Archives for posts with tag: Cancer

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When I was diagnosed with cancer family and friends bombarded me with instructions on how to not only survive, but also thrive in the face of cancer. To be a successful cancer survivor you must eat a raw organic vegan gluten free diet, drink a green juice each morning, dry brush your skin daily, soak in Epsom salts and baking soda each night, drink a minimum of 15 glasses of reverse osmosis purified water daily, abstain from alcohol and caffeine, buy BPA free EVERYTHING, wear organic materials, meditate, practice yoga, get acupuncture, have an incredible therapist, buy an $800 air purifier, continue your career in a way that fulfills you and without any stress, get a therapy dog, and be an expert on any potential carcinogen (make up, cell phones, soy, celery anyone?). This is only a smattering of the most mainstream prescriptions that I received. Beating cancer was the easy part, but performing the part of healthy girl was another story.

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Yesterday I entered my 29th year of life. Birthdays seem different now. Birthdays are a moment to celebrate that we’ve made it through another year, and for the past two birthdays this celebration has felt particularly monumental. Birthdays come with mixed emotions now. I feel joy for the time past/passed and the time ahead, but I also feel sadness for the difficulties I’ve faced and sometimes I still experience fear over the future.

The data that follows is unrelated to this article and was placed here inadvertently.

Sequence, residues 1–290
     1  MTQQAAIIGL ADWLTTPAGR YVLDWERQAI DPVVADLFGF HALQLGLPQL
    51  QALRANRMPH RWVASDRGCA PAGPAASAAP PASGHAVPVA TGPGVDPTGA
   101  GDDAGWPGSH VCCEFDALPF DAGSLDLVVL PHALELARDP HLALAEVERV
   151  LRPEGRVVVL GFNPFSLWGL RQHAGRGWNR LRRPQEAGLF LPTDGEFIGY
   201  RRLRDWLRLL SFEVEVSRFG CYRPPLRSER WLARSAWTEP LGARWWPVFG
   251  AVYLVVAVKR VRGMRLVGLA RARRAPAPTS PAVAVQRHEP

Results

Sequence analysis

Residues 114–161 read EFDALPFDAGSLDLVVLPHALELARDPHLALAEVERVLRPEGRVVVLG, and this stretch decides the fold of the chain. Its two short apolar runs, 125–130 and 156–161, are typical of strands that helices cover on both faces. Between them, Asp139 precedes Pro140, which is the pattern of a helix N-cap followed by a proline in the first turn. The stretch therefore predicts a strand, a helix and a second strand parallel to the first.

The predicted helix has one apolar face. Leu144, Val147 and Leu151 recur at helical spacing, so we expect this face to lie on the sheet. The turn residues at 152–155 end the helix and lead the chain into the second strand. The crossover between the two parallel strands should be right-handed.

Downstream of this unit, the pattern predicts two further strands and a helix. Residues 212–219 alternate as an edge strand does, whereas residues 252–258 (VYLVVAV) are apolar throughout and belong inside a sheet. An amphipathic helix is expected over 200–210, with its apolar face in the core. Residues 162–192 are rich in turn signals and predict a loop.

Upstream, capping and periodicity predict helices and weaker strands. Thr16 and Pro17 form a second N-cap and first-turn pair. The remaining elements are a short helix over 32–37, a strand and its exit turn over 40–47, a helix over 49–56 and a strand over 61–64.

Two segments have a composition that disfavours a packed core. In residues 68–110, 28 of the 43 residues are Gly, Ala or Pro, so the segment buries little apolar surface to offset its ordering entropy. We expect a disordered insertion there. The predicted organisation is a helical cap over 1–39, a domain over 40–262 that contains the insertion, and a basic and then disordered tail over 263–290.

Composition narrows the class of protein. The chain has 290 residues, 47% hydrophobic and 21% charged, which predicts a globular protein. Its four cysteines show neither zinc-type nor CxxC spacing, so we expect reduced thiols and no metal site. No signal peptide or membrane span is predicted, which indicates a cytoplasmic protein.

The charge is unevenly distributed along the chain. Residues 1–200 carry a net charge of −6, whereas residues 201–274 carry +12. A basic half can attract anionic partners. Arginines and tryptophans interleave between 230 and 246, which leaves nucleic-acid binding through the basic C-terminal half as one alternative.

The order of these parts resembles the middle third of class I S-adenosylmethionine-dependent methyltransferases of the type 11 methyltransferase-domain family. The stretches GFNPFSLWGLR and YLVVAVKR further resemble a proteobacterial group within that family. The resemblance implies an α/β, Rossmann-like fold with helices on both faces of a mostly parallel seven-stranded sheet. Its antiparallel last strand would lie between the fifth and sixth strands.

I am learning to welcome these mixed moments. To harness calm through them. These are the small gifts in life, birthday gifts. These, and neat cork bowls filled with sweet treats from dear old friends who help to welcome a new year.

I drafted some blog posts, ideas, and thoughts when I was first recovering from cancer and going through more rigorous chemo. Since then, I’ve wanted to move on, but some of the more fun cancer-inspired projects have stuck. One of these is mocktails. From here out, Monday is mocktail day on the blog.

Because of my medicine and my general quest for health, I’ve given up alcohol since my cancer diagnosis. One thing that’s shocked me the most about my decision to give up alcohol is the response that I often receive when I either refuse alcohol, or explain that, for at least the next two years [likely forever], I wont be drinking. People are shocked. Forget the horrendous side effects of my medicine, the fact that I’ve been delayed in my degree progress, or the emotional and mental trauma of illness. The fact that I no longer drink alcohol – or caffeine at that, the horror! – really upsets some people. I think it’s because drinking is a visible trace of my cancer battle. Most everything else has remained somewhat hidden within the comforts of my home. Joey and my immediate family see my struggles, my closest friends know about the intimate details, but beyond that I pass as incredibly “normal.” When I don’t participate in what I now realize is a bedrock social convention of our culture, I am all of a sudden publicly marked by my battle. What’s funny is that I don’t miss alcohol in the least. In fact, Joey has never really liked drinking at all, so he has gladly joined me in an alcohol free life that we’re both really enjoying.